Kathlyn Stone is an associate editor with HealthNewsReviews.org. She tweets as @KatKStone.
Reports on an FDA approval should be considered just the beginning when it comes to coverage of new drugs. Journalists need to keep watch on safety issues that show up only in “real world” populations when a drug is marketed to the wider public. It also helps to understand how clinical trials are conducted and delve into the nuts and bolts of published clinical trials to see who was tested and for how long.
The “breakthrough” status of certain hepatitis C drugs gained the medications a lot of positive coverage when nine new drugs came on the scene starting in 2013. They were deemed highly effective — even a “cure” — for a disease that had few effective treatment options. But now serious side effects are coming to light in a new report issued by a drug safety watch group and the addition of FDA “black box” warnings.
A report from the non-profit Institute for Safe Medicine Practices (ISMP) released yesterday states that Sovaldi and Harvoni, marketed by Gilead Sciences, and Janssen’s Olysio, among others, were among antiviral hepatitis C drugs named in hundreds of reports of side effects provided to the FDA after the drugs came on the market. Acute liver failure, reactivation of hepatitis B, encephalopathy, liver transplants and deaths were found in the follow-up adverse event reports.
The drugs cost can cost anywhere from $55,000 to $120,000 per patient, the ISMP notes. “Our data show the need for further investigation into the negative consequences of these expensive and important new drugs,” according to the report.
You might also be wondering why black box warnings often occur after a drug is approved, and why serious side effects don’t emerge during clinical trials.
“Just because the FDA approves a drug that’s not the end of the story,” says Christopher Labos, MD, a Toronto cardiologist and HealthNewsReview.org contributor who writes frequently about health and drug safety issues.
The drugs were welcomed for their ability to work quickly in suppressing hepatitis C infection, says Labos. But unanticipated side effects, including reactivation of dormant hepatitis B in some patients, didn’t show up until after the drugs had been on the market and given to hundreds of thousands of patients since their launch one to two years ago.
“Side effects are very hard to see in clinical trials because they have a very homogeneous, highly selective group of patients,” explains Labos. In the case of hepatitis C drug trials patients with hepatitis B and other potential complications were removed from the group. It’s common for drug sponsors to exclude volunteers with other medical conditions from drug trials.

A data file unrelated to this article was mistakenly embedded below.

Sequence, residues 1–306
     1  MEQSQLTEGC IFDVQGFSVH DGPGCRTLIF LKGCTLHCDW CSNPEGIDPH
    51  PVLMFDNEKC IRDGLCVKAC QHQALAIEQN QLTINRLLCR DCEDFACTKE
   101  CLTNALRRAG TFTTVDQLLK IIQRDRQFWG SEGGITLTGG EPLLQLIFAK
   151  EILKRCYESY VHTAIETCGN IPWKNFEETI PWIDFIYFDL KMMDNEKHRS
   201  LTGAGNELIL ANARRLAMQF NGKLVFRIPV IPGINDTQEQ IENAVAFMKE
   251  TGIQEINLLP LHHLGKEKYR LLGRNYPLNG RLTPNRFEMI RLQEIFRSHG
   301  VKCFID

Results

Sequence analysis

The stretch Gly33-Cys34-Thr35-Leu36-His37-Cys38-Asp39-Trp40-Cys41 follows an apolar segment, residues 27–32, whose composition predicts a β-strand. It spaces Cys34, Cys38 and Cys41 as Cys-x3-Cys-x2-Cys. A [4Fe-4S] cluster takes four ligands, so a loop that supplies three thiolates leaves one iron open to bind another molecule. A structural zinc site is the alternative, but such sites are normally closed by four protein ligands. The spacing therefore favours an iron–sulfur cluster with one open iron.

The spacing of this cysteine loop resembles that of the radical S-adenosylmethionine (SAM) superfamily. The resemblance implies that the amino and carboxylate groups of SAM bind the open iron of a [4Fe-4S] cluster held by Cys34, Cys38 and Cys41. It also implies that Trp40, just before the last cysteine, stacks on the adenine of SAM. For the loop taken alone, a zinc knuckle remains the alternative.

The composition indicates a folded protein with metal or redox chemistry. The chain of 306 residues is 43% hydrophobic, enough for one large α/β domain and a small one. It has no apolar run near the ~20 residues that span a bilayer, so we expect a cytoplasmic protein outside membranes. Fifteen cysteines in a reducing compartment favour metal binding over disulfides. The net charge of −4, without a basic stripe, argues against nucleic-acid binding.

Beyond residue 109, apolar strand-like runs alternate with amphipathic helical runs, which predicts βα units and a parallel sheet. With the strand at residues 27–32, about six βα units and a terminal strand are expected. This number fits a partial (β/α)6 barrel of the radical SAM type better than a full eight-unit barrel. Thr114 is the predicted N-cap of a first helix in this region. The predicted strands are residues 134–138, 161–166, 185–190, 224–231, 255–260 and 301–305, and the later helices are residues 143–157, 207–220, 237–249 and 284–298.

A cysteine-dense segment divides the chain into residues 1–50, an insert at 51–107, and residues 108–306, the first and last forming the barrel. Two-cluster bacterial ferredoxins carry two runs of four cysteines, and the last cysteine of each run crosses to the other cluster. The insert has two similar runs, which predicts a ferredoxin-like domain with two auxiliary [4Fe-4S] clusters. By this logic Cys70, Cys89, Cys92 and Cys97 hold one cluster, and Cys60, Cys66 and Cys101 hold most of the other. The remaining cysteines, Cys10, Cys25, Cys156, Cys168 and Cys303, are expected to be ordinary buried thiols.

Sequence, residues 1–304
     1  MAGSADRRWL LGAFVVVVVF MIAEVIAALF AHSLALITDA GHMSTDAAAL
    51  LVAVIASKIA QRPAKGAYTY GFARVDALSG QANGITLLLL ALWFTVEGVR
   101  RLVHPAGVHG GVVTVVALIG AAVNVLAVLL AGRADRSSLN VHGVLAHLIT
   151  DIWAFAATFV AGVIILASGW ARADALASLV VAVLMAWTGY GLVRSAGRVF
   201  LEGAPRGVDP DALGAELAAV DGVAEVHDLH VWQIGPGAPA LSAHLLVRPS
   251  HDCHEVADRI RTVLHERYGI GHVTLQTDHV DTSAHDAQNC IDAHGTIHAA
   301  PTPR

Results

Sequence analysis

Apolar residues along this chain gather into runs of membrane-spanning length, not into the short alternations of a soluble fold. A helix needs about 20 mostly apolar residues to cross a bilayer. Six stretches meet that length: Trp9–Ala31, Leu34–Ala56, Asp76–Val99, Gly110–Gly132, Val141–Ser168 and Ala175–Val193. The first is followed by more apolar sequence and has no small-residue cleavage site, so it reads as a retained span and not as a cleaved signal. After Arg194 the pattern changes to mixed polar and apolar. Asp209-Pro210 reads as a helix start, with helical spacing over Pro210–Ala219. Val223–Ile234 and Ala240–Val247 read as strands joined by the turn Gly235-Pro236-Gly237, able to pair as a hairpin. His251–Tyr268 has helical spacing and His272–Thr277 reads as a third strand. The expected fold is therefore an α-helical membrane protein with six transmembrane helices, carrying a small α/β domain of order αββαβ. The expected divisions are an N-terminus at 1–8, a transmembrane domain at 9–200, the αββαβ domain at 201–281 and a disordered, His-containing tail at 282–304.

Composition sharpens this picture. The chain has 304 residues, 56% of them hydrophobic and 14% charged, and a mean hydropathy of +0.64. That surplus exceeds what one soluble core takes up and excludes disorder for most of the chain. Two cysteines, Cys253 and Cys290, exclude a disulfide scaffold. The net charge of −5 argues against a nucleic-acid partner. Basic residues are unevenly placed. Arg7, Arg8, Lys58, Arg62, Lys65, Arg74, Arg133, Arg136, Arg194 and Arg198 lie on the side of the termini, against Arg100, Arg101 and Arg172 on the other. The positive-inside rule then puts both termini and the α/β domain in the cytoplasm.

When side effects emerge after they’ve been approved for the market it’s because a broader audience has been exposed. The FDA requires drug makers to report adverse events after the drug is launched as a condition of its approval. Post-market surveillance data, sometimes referred to as phase 4 data, is captured through the FDA Adverse Event Reporting System (FAERS). In many ways, the FDA’s post-market surveillance system works, says Labos.
The FAERS is where the ISMP gathered the data for its quarterly report.
We won’t likely be getting much additional insight from the FDA, particularly under a new administration that – by all indications – will keep the release of information tightly controlled. The agency told the New York Times’ Denise Grady: “The F.D.A. does not typically comment on specific studies, but evaluates them as part of the body of evidence to further our understanding about a particular issue and assist in our mission to protect public health.”
These drugs all received expedited FDA approval under its “breakthrough” review process. Keep in mind that the FDA’s definition of “breakthrough” may not be what the typical consumer thinks it means.
On its fact sheet on breakthrough therapies the FDA states: “If a drug is designated as breakthrough therapy, FDA will expedite the development and review of such drug. All requests for breakthrough therapy designation will be reviewed within 60 days of receipt, and FDA will either grant or deny the request.”
As fast-tracked drug approvals become the norm, and they are, journalists should be paying close attention to post-approval reports of adverse effects. Anyone is free to access the FAERS data, but it can be unwieldy.
The usefulness of the FAERS data “really depends on the journalist’s knowledge and experience in reporting on the risks and benefits of drugs, and on what specific FAERS data they are using,” ISMP’s senior scientist Thomas Moore wrote in an email. “It is a challenge and very time consuming to download the relational database and use it properly. I do know news organizations that have done this successfully.”